GREG CURNOE:
WHAT ABOUT ME?

SEPT 30 - NOV 6, 2021 

Presented by McIntosh Gallery, Curated by Brian Lambert 

Us And A New Dress.jpg

Greg Curnoe, Us And a New Dress (Self Portrait)  no date. Oil on board. McIntosh Gallery Collection, Western University. Gift of Sheila Curnoe, 2018. 

In 2018, Sheila Curnoe donated over 500 artworks by her late husband, the celebrated London-based artist Greg Curnoe, to McIntosh Gallery. The donation included many early works completed while a student at the Ontario College of Art from 1957 to 1960. Together, they reveal the characteristic colour and line that would define his distinctive later style. 

Other works in this important gift are from Curnoe’s earliest studio practice with some of his satirical Dadaist constructions critical of prevailing art traditions. 

McIntosh Gallery is pleased to present this exhibition in collaboration with TAP Centre for Creativity as an opportunity to share Greg’s passion for alternative display spaces and reach new audiences for his art.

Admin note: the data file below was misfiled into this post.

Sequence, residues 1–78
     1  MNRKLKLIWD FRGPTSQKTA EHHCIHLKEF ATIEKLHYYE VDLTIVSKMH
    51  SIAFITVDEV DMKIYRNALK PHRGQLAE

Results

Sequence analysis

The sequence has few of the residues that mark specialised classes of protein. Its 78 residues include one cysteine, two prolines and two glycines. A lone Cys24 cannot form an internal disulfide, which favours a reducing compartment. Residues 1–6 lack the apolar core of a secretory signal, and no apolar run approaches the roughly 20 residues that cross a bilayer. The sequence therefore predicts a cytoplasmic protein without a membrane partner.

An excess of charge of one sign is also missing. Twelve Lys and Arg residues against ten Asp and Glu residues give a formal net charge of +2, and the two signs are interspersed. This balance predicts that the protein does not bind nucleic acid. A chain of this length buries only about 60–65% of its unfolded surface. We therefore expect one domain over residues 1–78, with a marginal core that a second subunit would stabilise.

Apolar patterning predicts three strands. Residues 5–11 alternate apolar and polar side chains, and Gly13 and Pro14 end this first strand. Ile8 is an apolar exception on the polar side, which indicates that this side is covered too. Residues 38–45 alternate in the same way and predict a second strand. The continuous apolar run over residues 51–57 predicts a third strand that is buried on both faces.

ABOUT THE ARTIST

Greg Curnoe (1936-1992) was an artist-activist who was central to the development of the 1960s London art scene into an important artistic centre. Rejecting the notion that an artist could thrive only in the big cities of Toronto or New York, he instead founded the Regionalism movement which celebrated everyday life and experience. 

He was involved in organizing many firsts in the community: the first art “happening” in 1962; Region Magazine (1961-1990); Region Gallery (1962-1963); and Canada's first artist cooperative, the Forest City Gallery in 1973, still in operation today. He was also a founding musician in the Nihilist Spasm Band which specialized in improvisational music on homemade instruments. He was very supportive of fellow London artists Jack Chambers, Tony Urquhart and Kim Ondaatje who founded the Canadian Artists Representation/Le Front des Artistes Canadiens to demand recognition of artist copyright. 

Curnoe exhibited extensively including representing Canada at the Sao Paulo Bienal (1969) and the Venice Biennale (1976) and in major exhibitions at the National Gallery of Canada (1968), the Musée des beaux-arts de Montréal (1981), and at the Art Gallery of Ontario (2001). His work is held in numerous major public and private collections.